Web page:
equal mental health support for all genders

Dr. Bitner on Fox 17: Healthy Communities are Built on Equal Mental Health Support

This week on Fox 17, Dr. Bitner discusses the importance of mental health support for both men and women. Our health is often impacted by those around us. She emphasizes that truly healthy communities can only be created through equal access to mental health support and the normalization of conditions, including anxiety and depression.

Fact #1:

Both men and women experience anxiety and depression. Men, however, tend to express symptoms physically. The distinct male-type of anxiety is characterized by physical symptoms (i.e., body pains, panic attacks, and headaches), chronic recurrence of symptoms, and enduring out-of-control anxious sensations. Men are also more likely to act on thoughts of self-harm.

Fact #2:

Men tend not to receive help for their anxiety and depression because of masculine social norms and tend to leave treatment more quickly than women. Men are also less likely to talk about their feelings and more likely to experience shame about experiencing anxiety and depression. For men to get help, it is important to normalize conditions of anxiety and depression in both men and women.

Patient Story:

Jane’s* husband was recently downsized from his job. Even though this was not his fault, he felt a lot of shame about the situation. Jane’s husband was also afraid of not being able to provide for his family. As a result, Jane’s husband became irritable, experienced frequent headaches, didn’t want to get out of bed, and was yelling at his family. Jane was at a loss as to how to help him.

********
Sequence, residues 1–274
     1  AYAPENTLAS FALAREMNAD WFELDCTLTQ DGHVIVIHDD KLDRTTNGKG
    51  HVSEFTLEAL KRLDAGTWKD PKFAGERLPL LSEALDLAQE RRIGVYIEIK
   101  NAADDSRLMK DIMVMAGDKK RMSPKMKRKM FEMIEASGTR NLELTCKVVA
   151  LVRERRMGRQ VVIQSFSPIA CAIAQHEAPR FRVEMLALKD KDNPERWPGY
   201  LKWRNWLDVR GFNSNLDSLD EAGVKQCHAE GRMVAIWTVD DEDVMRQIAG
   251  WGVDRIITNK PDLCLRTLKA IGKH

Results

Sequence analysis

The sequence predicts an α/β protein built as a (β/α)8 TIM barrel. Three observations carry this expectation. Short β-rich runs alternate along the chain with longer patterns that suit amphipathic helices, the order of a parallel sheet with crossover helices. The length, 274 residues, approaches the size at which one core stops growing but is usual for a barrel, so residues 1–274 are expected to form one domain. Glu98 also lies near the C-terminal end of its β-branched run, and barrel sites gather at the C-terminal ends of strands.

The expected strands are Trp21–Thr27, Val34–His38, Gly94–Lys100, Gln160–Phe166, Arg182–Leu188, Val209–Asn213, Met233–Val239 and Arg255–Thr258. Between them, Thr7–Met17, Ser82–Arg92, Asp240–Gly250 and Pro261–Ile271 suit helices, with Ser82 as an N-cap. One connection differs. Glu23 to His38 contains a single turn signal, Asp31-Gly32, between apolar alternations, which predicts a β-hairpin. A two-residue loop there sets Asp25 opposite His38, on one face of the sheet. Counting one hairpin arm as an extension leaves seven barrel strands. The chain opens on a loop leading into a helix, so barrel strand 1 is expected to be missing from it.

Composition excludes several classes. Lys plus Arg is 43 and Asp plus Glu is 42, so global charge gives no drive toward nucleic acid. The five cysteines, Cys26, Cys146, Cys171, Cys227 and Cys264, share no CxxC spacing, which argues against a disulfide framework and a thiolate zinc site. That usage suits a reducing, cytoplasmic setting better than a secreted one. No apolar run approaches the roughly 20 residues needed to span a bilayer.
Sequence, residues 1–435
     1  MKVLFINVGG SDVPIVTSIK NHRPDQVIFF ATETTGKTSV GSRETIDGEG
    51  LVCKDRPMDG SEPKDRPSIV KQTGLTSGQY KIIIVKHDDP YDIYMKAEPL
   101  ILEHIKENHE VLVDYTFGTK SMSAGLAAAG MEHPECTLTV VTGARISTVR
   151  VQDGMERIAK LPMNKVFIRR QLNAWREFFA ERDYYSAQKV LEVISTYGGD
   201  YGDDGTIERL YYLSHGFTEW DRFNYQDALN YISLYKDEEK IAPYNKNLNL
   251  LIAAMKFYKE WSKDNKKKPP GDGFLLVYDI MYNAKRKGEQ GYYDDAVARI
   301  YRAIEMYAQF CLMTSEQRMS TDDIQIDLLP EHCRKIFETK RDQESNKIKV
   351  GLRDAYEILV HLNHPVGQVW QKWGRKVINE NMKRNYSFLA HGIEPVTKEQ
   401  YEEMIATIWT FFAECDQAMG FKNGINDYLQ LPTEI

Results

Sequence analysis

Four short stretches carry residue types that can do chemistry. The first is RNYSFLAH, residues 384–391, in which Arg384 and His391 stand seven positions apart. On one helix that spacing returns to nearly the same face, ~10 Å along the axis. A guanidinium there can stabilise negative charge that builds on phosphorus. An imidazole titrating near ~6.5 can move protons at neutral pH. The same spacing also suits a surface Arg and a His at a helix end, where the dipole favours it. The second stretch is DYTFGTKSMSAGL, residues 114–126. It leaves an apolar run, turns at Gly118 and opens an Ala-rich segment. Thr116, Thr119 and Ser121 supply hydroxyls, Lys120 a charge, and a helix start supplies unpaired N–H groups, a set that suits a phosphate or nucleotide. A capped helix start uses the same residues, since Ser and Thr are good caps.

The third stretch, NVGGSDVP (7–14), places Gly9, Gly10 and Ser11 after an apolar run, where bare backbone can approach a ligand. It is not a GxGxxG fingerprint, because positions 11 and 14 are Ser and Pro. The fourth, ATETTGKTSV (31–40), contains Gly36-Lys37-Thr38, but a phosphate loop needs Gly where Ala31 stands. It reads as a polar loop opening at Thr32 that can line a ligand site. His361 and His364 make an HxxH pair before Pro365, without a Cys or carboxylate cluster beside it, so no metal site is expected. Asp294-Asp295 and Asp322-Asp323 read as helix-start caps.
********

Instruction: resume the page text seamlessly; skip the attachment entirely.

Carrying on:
After seeking advice from friends and family, Jane found a volunteer opportunity for her husband within a church group. The group helped other men to find jobs after job loss. Within this group, struggling after job loss was normal, and Jane’s husband found a community he could relate to and the support he needed. Through new connections, he eventually found a new job that he loved! 

Health Tip of the Week

Community, conversation, and psychological support are truly game changers when it comes to managing physical, emotional, or mental health struggles. Regardless of gender, if you have feelings of anxiety and depression, please know that it is critical to get help so you can find options to feel better. We have to normalize the conversation around mental health. Everyone deserves equal mental health support from their doctors and community.  

The symptoms of anxiety and depression are common. If left untreated, can lead to loss of success in relationships, work, and quality of life. You are not alone, and you do not have to suffer in silence! If you are having symptoms of anxiety or depression, do not feel ashamed to ask for help. A great resource to start with is I Understand Love Heals, an organization that is dedicated to erasing the stigma associated with suicide and mental illness. 

If you think others are better off without you, know this is a temporary feeling and, most importantly, that it is NOT true. If you have thoughts of self-harm, call 988 and get immediate help from mental health professionals with the Lifeline network. 

Watch the full segment.